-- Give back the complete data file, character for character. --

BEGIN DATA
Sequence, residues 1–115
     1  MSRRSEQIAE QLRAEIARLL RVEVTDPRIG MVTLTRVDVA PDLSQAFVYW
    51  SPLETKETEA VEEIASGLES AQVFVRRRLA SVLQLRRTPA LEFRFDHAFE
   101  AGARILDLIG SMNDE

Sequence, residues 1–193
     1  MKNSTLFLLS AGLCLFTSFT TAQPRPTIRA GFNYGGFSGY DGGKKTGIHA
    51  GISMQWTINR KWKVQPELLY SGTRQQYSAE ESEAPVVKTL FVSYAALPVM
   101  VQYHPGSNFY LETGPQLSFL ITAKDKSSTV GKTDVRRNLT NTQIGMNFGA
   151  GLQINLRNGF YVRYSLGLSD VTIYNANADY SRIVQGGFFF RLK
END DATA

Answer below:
Sequence, residues 1–115
     1  MSRRSEQIAE QLRAEIARLL RVEVTDPRIG MVTLTRVDVA PDLSQAFVYW
    51  SPLETKETEA VEEIASGLES AQVFVRRRLA SVLQLRRTPA LEFRFDHAFE
   101  AGARILDLIG SMNDE

Sequence, residues 1–193
     1  MKNSTLFLLS AGLCLFTSFT TAQPRPTIRA GFNYGGFSGY DGGKKTGIHA
    51  GISMQWTINR KWKVQPELLY SGTRQQYSAE ESEAPVVKTL FVSYAALPVM
   101  VQYHPGSNFY LETGPQLSFL ITAKDKSSTV GKTDVRRNLT NTQIGMNFGA
   151  GLQINLRNGF YVRYSLGLSD VTIYNANADY SRIVQGGFFF RLK